In the Age of YouTube, it’s becoming pretty much standard practice for up-and-coming musicians to post videos of their jam sessions or live performances online. And while the affordability of HD video cameras/phones may mean that the visuals in those videos look nice, music is first and foremost an auditory art-form. That’s why Sony is introducing a new musical-performance-specific camcorder, known appropriately enough as the HDR-MV1 Music Video Recorder.
The MV-1 records audio in either uncompressed Linear PCM or internet-friendly AAC format, via a tunable 120-degree X-Y stereo microphone. Recording levels can be manually controlled, and a line-in port allows for direct feeds. Audio quality is monitored either via user-supplied headphones, or using the camera’s built-in speaker.
Video is captured by a wide-angle 120-degree lens – to ensure that all band members get in the shot – at a resolution of either 1080p or 750p (both at 30 fps). A back-illuminated Exmor R CMOS sensor is claimed to capture sharp images even in dimly-lit clubs, and the option of manual exposure control will keep the iris from closing down every time a stage light comes on.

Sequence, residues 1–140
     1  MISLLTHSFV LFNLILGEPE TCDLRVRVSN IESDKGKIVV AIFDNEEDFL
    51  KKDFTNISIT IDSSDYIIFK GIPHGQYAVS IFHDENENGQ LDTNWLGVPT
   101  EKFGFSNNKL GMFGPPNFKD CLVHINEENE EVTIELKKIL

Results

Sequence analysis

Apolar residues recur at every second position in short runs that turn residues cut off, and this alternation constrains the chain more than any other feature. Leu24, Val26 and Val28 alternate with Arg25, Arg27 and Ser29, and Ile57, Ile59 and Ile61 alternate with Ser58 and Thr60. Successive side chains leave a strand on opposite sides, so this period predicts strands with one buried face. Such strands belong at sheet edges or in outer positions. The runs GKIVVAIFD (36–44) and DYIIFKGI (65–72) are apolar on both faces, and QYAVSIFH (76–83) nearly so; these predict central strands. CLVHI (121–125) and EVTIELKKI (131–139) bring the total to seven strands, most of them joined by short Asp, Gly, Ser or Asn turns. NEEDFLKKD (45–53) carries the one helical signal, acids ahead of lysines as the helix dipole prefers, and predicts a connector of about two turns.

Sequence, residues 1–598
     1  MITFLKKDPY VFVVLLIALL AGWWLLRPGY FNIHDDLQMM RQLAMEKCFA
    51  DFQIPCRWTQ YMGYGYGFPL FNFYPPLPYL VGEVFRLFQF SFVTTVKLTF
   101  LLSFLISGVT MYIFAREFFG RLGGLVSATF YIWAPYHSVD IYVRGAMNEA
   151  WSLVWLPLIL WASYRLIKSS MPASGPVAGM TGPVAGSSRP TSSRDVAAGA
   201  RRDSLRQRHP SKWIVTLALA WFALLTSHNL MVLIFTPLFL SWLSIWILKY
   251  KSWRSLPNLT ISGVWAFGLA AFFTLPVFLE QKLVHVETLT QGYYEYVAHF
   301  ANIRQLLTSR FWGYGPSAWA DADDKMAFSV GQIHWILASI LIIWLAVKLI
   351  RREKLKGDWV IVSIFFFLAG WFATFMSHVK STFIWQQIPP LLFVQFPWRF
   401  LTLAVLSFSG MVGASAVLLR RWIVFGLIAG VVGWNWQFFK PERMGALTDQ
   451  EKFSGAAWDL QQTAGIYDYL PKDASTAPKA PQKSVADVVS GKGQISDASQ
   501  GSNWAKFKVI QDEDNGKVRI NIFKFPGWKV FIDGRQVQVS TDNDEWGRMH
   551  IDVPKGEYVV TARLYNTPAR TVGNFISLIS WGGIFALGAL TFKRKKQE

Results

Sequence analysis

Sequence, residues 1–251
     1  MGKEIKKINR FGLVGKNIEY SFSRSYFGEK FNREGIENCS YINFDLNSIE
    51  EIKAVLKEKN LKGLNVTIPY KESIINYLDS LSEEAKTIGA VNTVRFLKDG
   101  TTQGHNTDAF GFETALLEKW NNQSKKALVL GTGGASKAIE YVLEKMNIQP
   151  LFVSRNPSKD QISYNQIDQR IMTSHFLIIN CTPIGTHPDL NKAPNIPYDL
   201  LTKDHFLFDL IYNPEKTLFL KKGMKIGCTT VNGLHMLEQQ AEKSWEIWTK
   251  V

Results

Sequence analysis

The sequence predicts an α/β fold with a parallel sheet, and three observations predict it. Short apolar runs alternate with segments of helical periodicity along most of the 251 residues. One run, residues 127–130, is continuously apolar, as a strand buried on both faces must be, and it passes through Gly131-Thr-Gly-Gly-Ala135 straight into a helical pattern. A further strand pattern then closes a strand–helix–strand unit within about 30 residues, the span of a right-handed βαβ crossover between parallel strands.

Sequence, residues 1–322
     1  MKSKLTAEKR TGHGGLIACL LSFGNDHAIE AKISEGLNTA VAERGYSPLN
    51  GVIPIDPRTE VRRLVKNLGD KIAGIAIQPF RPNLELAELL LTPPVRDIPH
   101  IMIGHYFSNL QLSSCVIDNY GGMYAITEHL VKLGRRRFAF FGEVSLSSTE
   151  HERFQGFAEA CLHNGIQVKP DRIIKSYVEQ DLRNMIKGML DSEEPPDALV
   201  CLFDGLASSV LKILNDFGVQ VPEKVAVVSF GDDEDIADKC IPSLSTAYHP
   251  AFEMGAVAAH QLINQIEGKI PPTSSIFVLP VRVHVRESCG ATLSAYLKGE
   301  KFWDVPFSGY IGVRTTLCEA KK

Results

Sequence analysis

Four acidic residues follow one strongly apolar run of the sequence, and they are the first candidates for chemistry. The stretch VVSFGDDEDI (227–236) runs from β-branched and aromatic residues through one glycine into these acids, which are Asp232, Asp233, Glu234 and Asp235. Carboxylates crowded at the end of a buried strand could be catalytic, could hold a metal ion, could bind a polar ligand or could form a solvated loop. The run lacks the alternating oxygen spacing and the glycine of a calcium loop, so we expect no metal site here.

Footage is recorded to a Micro SD card or a Memory Stick Micro, in MPEG-4 AVC/H.264 format. Shots are monitored or reviewed using a 2.7-inch LCD screen, which can also be used to check and adjust audio input levels. Additionally, the camera can be remotely operated using a Wi-Fi-enabled mobile device – this could come in particularly handy in cramped venues, where a videographer would be in peoples’ way if they stayed with the camera.
The user’s mobile device can also be utilized to post footage online, via Sony’s free PlayMemories Mobile app.
The Sony HDR-MV1 Music Video Recorder will be available as of December, at a price of US$299.99. Footage shot with it can be seen (and heard) below.
With electricity becoming more expensive, here’s a way to save resources and get free lighting. The Moser Lamp, invented by Alfredo Moser, is simply a clean empty plastic bottle filled with water and a little bleach. Using the natural science of refraction, the lamp puts out the energy of a 40-60 watt bulb depending on how strong the sun is. In areas where power outages are common and in areas of poverty, Moser Lamps are becoming a great way to provide light to homes cheaply and efficiently.